Tag Archives: Robert Duvall

Widows Movie Review

The heist movie genre can be boiled down to two specific words: guns and cars. I’m not usually a fan of this genre, but sometimes a movie that falls within this genre surprises me.

In the new movie, Widows, Veronica (Viola Davis) lives an idyllic live with her husband, Harry (Liam Neeson) in Chicago. Their marriage is picture perfect. That perfection is about to be revealed as a mirage. Harry earns his living via less than lawful means and is killed in the process. The man who Harry stole from, Jamal Manning (Brian Tyree Henry), not only wants his money back, but is also trying to go legit at the same time. Jamal’s brother and go to henchman, Jatemme (Daniel Kaluuya) is more than willing to help his brother get his money back.

Veronica soon learns of her late husband’s illicit activities and turns to the women whose husbands were killed with Harry to get Jamal his money back. Linda (Michelle Rodriguez), Alice (Elizabeth Debicki) and Belle (Cynthia Erivo) are at first reluctant to join Veronica, but they change their mind. At the same time, there is a local election going on. Jack Mulligan (Colin Farrell) is career politician whose father, Tom Mulligan (Robert Duvall) was also a career politician. With the election coming up and the plans for the heist underway, what truths will be revealed?

This movie is brilliant. It’s much more than the standard heist film, at least from my perspective. The movie talks about complicated issues such as class, money, politics in such a way that it does not feel like a lecture. I also loved that the four female leads were not the typical wife/girlfriend/love interest of the male characters that are usually seen in this genre of film. They were strong, capable and completely willing to do what needed to be done to ensure their success.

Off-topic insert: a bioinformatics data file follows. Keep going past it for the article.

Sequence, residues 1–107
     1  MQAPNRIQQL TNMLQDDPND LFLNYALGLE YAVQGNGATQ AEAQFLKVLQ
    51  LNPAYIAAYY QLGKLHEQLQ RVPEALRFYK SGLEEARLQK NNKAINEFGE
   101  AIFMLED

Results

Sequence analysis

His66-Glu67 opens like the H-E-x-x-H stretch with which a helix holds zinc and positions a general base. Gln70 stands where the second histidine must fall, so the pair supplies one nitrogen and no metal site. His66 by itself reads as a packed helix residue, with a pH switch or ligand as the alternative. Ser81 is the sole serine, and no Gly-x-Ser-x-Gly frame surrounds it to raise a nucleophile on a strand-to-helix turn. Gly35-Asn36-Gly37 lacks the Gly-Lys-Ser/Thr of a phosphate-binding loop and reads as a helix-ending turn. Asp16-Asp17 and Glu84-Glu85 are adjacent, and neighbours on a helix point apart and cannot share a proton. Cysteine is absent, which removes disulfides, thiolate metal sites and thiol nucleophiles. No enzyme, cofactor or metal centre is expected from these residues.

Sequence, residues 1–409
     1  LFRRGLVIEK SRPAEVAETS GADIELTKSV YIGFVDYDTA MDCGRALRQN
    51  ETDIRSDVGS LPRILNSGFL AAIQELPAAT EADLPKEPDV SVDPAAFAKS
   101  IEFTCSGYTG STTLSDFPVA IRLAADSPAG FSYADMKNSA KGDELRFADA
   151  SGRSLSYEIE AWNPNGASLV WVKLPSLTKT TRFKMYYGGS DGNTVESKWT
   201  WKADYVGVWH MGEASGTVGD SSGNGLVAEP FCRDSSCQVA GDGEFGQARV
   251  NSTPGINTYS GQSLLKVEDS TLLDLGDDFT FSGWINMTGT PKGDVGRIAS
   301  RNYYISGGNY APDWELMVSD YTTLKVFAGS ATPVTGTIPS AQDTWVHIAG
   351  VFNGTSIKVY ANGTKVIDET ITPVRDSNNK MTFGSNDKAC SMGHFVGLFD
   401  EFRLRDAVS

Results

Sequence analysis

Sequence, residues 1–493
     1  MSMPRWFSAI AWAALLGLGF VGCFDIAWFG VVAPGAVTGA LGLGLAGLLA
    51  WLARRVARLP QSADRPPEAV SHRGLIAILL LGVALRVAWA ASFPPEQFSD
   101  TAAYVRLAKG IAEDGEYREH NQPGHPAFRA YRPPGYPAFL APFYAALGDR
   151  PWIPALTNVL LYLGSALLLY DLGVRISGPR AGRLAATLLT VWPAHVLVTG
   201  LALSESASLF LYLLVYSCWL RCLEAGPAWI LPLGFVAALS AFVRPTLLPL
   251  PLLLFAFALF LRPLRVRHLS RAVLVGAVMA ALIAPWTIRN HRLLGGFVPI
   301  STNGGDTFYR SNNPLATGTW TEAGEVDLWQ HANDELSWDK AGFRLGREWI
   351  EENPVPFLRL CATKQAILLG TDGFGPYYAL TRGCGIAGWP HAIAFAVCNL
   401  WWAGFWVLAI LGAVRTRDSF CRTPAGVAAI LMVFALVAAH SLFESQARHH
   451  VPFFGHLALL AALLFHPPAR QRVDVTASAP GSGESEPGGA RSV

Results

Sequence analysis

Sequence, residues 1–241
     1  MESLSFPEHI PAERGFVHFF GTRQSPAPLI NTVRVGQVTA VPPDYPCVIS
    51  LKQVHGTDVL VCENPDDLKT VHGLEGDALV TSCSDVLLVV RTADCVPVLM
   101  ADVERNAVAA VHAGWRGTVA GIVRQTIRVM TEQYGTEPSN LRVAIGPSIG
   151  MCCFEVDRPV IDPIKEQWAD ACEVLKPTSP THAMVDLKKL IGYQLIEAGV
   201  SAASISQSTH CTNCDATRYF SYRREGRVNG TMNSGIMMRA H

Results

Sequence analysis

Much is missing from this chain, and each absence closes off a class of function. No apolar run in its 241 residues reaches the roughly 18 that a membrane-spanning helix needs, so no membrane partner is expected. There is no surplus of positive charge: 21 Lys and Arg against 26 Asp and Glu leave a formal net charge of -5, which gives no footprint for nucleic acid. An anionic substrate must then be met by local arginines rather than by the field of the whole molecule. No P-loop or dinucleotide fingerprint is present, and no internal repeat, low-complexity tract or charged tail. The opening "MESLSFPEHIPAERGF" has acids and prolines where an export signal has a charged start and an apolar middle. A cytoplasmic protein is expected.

I recommend it.

Widows is presently in theaters. 

 

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The Critics Were Wrong (Maybe)- The Scarlet Letter (1995)

Adapting a film based on a novel is like walking a tight rope. The screenwriter or screenwriters and the production staff must be true to the novel and it’s fan base, but the movie must also be appealing to audiences, regardless of whether they have read the book.

In some cases, the movie succeeds. In other cases, the movie is a failure and readers, especially traditionally minded readers are reminded why the book was and still is the better medium.

In 1995, Nathaniel Hawthorne’s novel, The Scarlet Letter was adapted for the big screen.

In 17th century Massachusetts, the Puritan lifestyle is law, spoken and unspoken.

A newcomer, Hester Prynne (Demi Moore) arrives in the colony. She believes her husband Roger (Robert Duvall) has died at the hands of the local Indian tribe. Relishing her independence, she starts a secret love affair with Reverend Arthur Dimmesdale  (Gary Oldman). The result of the affair is a child. Refusing to the publicly name her child’s father, Hester is forced to wear an a scarlet A (for adulteress) on her outer clothing. Then her husband reappears and starts to stir up trouble.

Were the critics wrong? In this case, no. The screenwriting and production team tried very hard to walk the fine line of being faithful to the book while attempting to fill in the seats at the cinema. But try as they might, the film is not very good.  The other issue with this film is casting. At the end of the day, Demi Moore was not only wrong for Hester, but her accent was questionable. Robert Duvall did not give me the chills that a villain of his sort would normally give. The film’s only saving grace, cast wise is Gary Oldman.

Do I recommend this movie? No.

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Filed under Books, Movie Review, Movies, The Critics Were Wrong